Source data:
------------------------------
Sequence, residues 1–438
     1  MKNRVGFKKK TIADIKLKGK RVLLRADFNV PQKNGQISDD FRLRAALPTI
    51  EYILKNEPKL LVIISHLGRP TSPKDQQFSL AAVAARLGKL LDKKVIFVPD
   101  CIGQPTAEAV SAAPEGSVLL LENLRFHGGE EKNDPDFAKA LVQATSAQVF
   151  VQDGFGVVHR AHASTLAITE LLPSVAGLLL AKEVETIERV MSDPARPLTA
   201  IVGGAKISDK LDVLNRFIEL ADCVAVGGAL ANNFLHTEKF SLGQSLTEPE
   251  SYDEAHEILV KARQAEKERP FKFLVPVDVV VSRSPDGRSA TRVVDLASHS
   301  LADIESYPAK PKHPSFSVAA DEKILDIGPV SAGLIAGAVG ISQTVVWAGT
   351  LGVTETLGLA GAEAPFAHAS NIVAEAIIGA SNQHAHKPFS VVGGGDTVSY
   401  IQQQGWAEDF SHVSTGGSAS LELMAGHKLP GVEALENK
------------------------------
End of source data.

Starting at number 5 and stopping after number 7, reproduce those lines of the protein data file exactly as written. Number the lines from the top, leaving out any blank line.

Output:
   151  VQDGFGVVHR AHASTLAITE LLPSVAGLLL AKEVETIERV MSDPARPLTA
   201  IVGGAKISDK LDVLNRFIEL ADCVAVGGAL ANNFLHTEKF SLGQSLTEPE
   251  SYDEAHEILV KARQAEKERP FKFLVPVDVV VSRSPDGRSA TRVVDLASHS